But we shouldn't read too much in the girls' letter. Flirtatious correspondence was a common occupation for the young ladies in the 18th century. It was all open and above board. In fact, the letter from Sally and her friends was included in a letter which Sally's husband, William had written. William had also welcomed George back home and asked him to come for a visit.
William and Sally were among George's best friends and they made the trip back and forth from Mount Vernon and Belvoir all the time. And it's evident from the letters of George and Sally and William (and Ann and Elizabeth), they were good friends indeed.
And just how good friends were they?
Well, they were such good friends that many people first learn about Sally when they read the blaring headlines
HAD AN AFFAIR WITH HIS
After all, George having extra girlfriends has appeared in docudramas and miniseries and is further affirmed by talking heads on what was once called educational television but now prefers airing shows about ancient aliens, ghosts, and includes authentic footage from the 1950's that were obviously shot with held-held camcorders that weren't invented for another 40 years. Why, you can even read the headline about Sally in one of those non-electronic devices with white flappy things in the middle. So how can it not be true?
Now there's one thing to remember when you read the amazing little known facts that probably never happened. If something did really happen, there must be some source that can be traced down to the event itself. If your only information is something your great-grandpappy told your grandfather a century after it happened, you can bet it's bogus. On the other hand, sometimes we can point to sources which are authentic, but on closure scrutiny don't prove what you think they do.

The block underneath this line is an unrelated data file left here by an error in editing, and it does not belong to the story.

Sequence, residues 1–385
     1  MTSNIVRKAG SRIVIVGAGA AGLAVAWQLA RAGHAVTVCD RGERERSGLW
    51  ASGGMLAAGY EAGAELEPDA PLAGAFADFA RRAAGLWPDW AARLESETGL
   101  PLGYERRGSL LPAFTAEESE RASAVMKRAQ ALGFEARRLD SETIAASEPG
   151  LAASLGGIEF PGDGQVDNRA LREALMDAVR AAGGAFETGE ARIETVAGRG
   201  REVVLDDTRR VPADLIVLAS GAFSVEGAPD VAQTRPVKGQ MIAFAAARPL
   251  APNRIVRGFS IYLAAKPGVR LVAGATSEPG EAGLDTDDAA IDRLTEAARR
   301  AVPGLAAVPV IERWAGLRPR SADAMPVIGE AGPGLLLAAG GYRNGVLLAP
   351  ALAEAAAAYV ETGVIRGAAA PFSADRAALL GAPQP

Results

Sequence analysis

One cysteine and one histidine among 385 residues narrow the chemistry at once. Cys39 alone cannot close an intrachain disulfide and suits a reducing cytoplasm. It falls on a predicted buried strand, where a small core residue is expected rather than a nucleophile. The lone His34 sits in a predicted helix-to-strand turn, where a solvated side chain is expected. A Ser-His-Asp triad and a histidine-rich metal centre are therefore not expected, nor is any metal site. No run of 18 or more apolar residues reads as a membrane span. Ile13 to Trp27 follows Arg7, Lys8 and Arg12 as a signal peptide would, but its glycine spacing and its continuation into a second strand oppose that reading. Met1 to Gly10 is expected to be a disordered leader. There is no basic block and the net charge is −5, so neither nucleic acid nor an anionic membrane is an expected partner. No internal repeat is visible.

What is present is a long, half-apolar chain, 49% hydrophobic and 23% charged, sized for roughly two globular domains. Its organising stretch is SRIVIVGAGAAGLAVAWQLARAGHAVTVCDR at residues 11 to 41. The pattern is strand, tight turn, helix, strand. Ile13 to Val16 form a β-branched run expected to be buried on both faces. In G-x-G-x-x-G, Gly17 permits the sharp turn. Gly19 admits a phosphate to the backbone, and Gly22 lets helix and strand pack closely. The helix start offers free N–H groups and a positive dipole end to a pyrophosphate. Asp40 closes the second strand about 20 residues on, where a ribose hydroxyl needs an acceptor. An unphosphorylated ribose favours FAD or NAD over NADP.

The idea that George and Sally were dancing the minuet (wink, wink) comes from three letters. Two of them George wrote in 1758 and the other in 1798.
George wrote the first letter when he was going back to Pittsburgh with British General John Forbes. John's army was (again) trying to drive the French out of Pittsburgh.
Believe it or not, this expedition was a success. Or rather when the British Army got to Pittsburgh, they found the French had skinned out. The English walked into the fort and renamed it Fort Pitt. So we now have the Pittsburgh Pirates and not Les Pirates du Duquesne.
But on September 12, 1758, George was sitting in camp - again in Cumberland, Maryland - and not doing much. So he wrote a letter to Sally.
We must admit that by today's standards this letter is not something you would write to another man's wife even if you're all good friends. But before we move from the standards of our times to the standards of George's time, let's actually read the letter. And to avoid any claims of "taking the quote out of context", we'll include the entire letter. We'll also make the reading a bit less onerous - George was often a windbag - and add some commentary and explanations on the way.